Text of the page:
China to host top-level talks with S. Korea as US presses containment strategy in region

This image shows South Korean President Moon Jae-in (L) and Chinese President Xi Jinping. (Yonhap). Sketched by the Pan Pacific Agency.

BEIJING, Mar 31, 2021, SCMP. Chinese Foreign Minister Wang Yi will host his counterpart from Seoul, Chung Eui-yong, for talks this week as China tries to woo South Korea and break US containment in the region, South China Morning Post reported.

Chung, who became South Korea’s minister of foreign affairs in February, will meet Wang in the southeastern Chinese province of Fujian this week, sources told the South China Morning Post.

The visit to China by South Korea’s top diplomat will come just weeks after a tour of Asia by United States Secretary of State Antony Blinken and Defence Secretary Lloyd Austin in which Blinken and Austin focused on marshalling Washington’s alliances, in particular with Tokyo and Seoul, to counter Beijing’s clout in the region.

Seoul has sought to find balance in its alliance with Washington and its economic reliance on China, with Chung saying after Blinken’s visit that South Korea valued its relations with both powers and did not want to pick a side.

Previously a top security adviser to South Korean President Moon Jae-in, Chung played a key role in Moon’s engagement policy for North Korea that led to the historic summit between former US president Donald Trump and North Korean leader Kim Jong-un in 2018. Chung also served as Moon’s special envoy in liaising with China on North Korea.

In a phone call in February soon after Chung took office, Wang called for stronger communication and cooperation between the two countries “amid the fast-changing international and regional situation”, including regarding the denuclearisation of the Korean peninsula. Wang also said China “opposes drawing lines according to ideology”, a reference to US attempts to isolate China internationally.

In trade issues, South Korea could potentially also be the weak link in Washington’s attempts to block China’s access to advanced chips for the country’s industrial and technological upgrade.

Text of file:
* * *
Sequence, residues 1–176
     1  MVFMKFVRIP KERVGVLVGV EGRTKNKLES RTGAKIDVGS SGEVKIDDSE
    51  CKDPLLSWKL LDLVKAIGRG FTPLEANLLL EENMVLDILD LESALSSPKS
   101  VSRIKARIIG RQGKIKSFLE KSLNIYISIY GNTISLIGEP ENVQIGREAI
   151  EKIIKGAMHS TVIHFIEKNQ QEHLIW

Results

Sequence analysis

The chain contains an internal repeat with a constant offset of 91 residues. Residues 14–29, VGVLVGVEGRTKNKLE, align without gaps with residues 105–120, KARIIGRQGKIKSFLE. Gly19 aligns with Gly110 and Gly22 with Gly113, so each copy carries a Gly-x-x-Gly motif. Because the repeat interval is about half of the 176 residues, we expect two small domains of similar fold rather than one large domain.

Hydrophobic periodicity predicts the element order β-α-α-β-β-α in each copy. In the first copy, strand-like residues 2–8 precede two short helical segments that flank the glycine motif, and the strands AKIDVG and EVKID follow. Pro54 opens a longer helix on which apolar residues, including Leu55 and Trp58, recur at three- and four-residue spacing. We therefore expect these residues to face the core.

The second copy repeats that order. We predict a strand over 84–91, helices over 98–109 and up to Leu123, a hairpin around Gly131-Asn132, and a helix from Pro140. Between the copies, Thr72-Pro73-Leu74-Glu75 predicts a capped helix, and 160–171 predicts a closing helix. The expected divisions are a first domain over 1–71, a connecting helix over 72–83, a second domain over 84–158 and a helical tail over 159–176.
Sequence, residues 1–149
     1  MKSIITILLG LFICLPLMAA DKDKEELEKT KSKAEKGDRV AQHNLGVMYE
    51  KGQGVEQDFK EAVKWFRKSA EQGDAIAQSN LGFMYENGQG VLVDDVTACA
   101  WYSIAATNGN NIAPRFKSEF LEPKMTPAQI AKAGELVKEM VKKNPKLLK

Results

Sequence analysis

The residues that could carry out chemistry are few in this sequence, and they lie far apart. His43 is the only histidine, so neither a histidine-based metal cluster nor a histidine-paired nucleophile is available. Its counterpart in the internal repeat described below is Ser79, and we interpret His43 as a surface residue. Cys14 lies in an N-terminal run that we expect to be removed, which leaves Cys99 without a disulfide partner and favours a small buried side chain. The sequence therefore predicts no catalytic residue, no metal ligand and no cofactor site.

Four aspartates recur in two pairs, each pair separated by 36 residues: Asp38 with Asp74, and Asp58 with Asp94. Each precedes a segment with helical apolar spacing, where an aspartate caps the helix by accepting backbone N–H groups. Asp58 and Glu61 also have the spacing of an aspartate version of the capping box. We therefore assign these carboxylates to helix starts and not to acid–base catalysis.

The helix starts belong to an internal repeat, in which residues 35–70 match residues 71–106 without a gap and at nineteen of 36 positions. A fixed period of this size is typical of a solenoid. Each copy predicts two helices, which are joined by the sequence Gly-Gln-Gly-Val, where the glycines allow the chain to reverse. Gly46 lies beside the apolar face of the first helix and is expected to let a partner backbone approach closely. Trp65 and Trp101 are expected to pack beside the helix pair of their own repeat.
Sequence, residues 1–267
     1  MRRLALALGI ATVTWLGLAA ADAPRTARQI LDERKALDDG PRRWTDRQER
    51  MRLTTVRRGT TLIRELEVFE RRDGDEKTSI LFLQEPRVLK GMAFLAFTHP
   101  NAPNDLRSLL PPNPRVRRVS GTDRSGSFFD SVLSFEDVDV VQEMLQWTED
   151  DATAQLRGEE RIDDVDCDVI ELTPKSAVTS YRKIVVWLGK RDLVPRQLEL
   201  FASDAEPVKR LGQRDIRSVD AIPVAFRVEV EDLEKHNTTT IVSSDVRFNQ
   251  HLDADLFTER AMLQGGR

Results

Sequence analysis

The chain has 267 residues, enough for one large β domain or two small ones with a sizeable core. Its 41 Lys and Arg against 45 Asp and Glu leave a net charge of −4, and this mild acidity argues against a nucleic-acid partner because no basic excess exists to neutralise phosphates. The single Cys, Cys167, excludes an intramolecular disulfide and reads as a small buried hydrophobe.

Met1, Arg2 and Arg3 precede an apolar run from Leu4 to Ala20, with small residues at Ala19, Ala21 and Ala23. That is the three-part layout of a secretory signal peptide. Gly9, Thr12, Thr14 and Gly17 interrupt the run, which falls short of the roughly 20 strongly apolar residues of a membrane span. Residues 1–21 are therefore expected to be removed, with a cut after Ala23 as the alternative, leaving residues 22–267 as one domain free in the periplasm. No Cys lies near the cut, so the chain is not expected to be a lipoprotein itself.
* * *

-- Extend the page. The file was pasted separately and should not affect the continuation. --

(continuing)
On Monday, South Korean chip maker Magnachip Semiconductor said it would be sold to a Chinese private equity fund for about US$1.4 billion. The company is a leader in organic light-emitting diode (OLED) display semiconductors. The deal, which some say could threaten South Korea’s lead in the OLED industry, is likely to require government approval.

“The US wants to create a network of encirclement with Japan and South Korea, as well as the ‘Quad’, against China. But South Korea has not participated in this effort,” said Lu Chao, a Korean affairs expert at the Liaoning Academy of Social Sciences.

“China and South Korea share our mutual wariness towards Japan’s history of militarism. South Korea also needs China’s help in maintaining stability on the Korean peninsula.”

Seoul has sought to distance itself from the US campaign and avoid antagonising China, its biggest trading partner. It sidestepped direct mention of China in its 2+2 joint statement with the US during Blinken’s stop in Seoul. This was in contrast to the US-Japan joint statement which featured much tougher wording and direct criticism of China’s behaviour in the region.

Chung also insisted after his meeting with Blinken there was no discussion of South Korea joining the Quadrilateral Security Dialogue, Quad – a US-led grouping involving Japan, Australia and India with the goal of countering China’s influence in the region – despite previous reports that Washington had invited Seoul to join.

In 2017, South Korea paid a steep economic price for angering China after it deployed the US Terminal High Attitude Area Defence (THAAD) anti-missile system. Beijing says THAAD could be used by the US to spy on China.

The Chinese backlash and retaliation measures cost South Korea’s economy an estimated US$7.5 billion and the episode still casts a shadow over relations between the two countries.

Park Won-gon, a professor of North Korean studies at Ewha Womans University, said Chung was likely to use his trip to seek China’s support to resume nuclear talks with North Korea. The two foreign ministers were also expected to discuss Chinese President Xi Jinping’s possible visit to South Korea, an opportunity Seoul hoped would mark a fresh start in bilateral relations after the THAAD dispute.

But as the US intensified its efforts to further isolate China in the region, Park said South Korea would find it more difficult to maintain a balance between the two powers.

“South Korea’s so-called strategic ambiguity is at the end of [its] life. Sooner or later, the US government will formalise the Quad-type multilateral mechanism and request South Korea to join. South Korea [would have] no choice but to participate.”

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